- New Insights on Alzheimer’s are reported in today’s New York Times by Gina Kolata: Two of the largest studies of the disease led to finding five genes that provide clues to how the disease progresses and even why it strikes. This in turn “may lead to ways to delay its onset or slow its progress”. Some 5.4 million Americans have Alzheimer’s, with an annual cost to the country of $183 billion. And American and European groups are combining data in order to do “an enormous study”, looking to the combined samples for more genes and clues. As Dr. Richard J. Hodes, director of the National Institute on Aging, observed, “the old models in which researchers jealously guarded their data is no longer applicable”.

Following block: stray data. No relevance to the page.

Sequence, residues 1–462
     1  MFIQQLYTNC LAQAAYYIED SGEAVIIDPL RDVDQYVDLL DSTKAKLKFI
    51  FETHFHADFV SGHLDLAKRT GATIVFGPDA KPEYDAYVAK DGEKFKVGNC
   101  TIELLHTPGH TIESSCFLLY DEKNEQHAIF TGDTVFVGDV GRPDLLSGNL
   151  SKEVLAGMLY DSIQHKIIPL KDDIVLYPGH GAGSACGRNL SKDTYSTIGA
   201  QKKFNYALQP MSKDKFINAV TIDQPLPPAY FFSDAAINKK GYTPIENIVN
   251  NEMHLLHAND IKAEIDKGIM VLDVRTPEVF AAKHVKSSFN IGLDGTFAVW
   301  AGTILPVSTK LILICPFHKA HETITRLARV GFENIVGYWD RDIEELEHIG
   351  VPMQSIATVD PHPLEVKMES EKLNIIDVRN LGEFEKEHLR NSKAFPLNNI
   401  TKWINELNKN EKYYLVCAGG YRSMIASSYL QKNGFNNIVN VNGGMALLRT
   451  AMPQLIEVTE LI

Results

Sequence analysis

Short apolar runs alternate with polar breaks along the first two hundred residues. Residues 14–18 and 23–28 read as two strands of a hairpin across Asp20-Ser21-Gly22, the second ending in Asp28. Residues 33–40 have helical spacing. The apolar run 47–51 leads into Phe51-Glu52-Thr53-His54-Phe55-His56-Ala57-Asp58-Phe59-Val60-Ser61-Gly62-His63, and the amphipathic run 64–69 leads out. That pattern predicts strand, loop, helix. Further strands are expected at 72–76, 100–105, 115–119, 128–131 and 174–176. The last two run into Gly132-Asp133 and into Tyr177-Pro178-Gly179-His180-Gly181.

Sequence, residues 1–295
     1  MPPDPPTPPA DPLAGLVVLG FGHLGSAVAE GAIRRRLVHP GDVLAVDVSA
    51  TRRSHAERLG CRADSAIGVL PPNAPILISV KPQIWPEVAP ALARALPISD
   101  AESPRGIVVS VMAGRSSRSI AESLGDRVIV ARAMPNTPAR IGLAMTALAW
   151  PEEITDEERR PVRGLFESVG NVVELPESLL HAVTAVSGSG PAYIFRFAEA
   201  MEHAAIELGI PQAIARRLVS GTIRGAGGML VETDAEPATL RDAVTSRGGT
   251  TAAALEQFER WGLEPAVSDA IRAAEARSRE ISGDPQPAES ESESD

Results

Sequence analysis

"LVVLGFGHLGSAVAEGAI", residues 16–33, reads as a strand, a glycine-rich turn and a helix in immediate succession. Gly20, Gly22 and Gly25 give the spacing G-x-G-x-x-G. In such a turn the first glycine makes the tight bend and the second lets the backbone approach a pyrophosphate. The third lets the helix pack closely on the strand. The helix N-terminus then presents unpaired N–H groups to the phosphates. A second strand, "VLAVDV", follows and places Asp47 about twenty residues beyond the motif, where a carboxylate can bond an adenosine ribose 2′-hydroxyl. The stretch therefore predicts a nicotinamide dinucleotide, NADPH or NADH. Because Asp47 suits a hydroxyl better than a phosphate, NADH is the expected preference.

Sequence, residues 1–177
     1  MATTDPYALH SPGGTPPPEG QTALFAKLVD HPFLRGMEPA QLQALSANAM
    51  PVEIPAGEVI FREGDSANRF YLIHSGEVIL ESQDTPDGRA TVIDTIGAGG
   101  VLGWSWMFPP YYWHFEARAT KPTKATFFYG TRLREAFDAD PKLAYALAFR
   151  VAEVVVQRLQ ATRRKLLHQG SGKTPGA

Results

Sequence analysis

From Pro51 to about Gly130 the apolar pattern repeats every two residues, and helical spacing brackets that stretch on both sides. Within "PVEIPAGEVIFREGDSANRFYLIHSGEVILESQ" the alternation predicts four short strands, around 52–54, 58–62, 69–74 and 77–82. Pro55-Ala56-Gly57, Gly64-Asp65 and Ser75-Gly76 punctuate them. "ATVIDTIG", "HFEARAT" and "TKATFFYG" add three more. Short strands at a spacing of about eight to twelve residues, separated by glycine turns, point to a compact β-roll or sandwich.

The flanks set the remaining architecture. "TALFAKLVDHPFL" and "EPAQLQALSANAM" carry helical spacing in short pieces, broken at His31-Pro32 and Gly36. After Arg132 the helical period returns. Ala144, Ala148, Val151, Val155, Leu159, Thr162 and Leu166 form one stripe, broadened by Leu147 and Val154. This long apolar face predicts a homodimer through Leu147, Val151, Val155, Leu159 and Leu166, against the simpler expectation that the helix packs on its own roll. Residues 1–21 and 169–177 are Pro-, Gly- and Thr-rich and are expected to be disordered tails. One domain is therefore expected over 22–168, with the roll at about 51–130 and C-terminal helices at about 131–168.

- Whoops! Hands-free faucets aren’t so germ-free after all! “Turns out that half of more than 100 water samples taken from the electronic faucets grew Legionella, the type of bacteria that cause Legionnaire’s disease, which can prey on people with weak immune systems. Only 15 percent of the 75 water samples collected from manual faucets did the same”. (NPR)